Activists threaten legal action over ‘draconian’ police drug dog policy

Activists say they plan to take the NSW Police to court after ticket holders were denied entry to a music festival based on the use of drug detection dogs.

Police speak to activists.

Police speak to activists. Source: SBS

Activists say they plan to go to court over a controversial drug dog policy that saw at least five ticket holders denied entry to a Sydney music festival, even though no drugs were found on them.

Two sniffer dogs were used to detect drugs on attendees of the Above & Beyond music festival in Sydney on Saturday.

Two drug dogs were used to check for drugs among revellers at the Above & Beyond festival.
Two drug dogs were used to check for drugs among revellers at the Above & Beyond festival. Source: SBS

Ticket holders were taken to a search area beyond the initial entry point and out of sight of media cameras.

NSW Police outlined their plan on Tuesday to refuse entry to ticket holders if a sniffer dog sits next to them – even if no drugs are found.

“Police will exclude any person from the venue that the drug dog indicates has or who has recently had drugs on them, regardless of whether drugs are located,” NSW Police Assistant Commissioner Peter Thurtell said when announcing the policy.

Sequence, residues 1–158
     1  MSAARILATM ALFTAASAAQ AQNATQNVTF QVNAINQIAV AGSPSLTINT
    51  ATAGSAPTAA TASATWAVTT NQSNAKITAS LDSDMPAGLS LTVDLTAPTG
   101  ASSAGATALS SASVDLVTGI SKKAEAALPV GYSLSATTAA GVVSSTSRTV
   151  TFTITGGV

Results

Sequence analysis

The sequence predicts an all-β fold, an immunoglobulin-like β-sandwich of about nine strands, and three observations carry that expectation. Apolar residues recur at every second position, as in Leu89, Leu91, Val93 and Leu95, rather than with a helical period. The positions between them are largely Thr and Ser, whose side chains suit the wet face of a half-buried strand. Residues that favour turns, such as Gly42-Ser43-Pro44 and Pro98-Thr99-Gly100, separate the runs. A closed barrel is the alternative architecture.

“Quite simply, if you handle or use drugs you will not be permitted to remain at the venue."

'Serious abuse of police powers'

The "Sniff Off" campaign, which is backed by the NSW Greens, said they had spoken to ticket holders who were denied entry to the event, even after a search failed to turn up any drugs.

Spokesman Tom Raue said the actions were draconian.

"I don't think that it is fair that police can kick you out of a concert for no reason whatsoever,” he told SBS News.

“They've already put you through a humiliating search based on an indication from a dog they knew was probably wrong. It turned out actually to be wrong. And to be still denied entry? It just boggles the mind."

Campaigners said they intended to take the NSW Police to court over the denial of entry to ticket holders based on a test which yielded no drugs.

“We’ve just spoken to party-goers at Above and Beyond who have been refused entry after being searched even though no drugs were found on them,” campaigners said in a post on Facebook.

“This is a serious abuse of police powers and we will see the NSW Police Force in court next week.”

No evidence of deterrent effect from drug dog policy, activists say

Earlier in the night, police stopped campaigners from handing out flyers outside the Sydney Olympic Park venue, citing the .

Tom Raue, who was a plaintiff in an unsuccessful attempt to secure an injunction preventing the police plan, said the volunteers who attempting to inform people of their rights.

“We're just handing out flyers about people's rights and statistics about the drug dog program. Clearly that has upset the police. They don't want us to do this,” he said.

He said the use of drug dogs are ineffective and rejected claims that the policy has had a deterrent effect.

“There is no evidence that the drug dog program has ever had a deterrent effect. In fact, all the criminology studies show otherwise. Experienced drug users get drugs into festivals no matter what.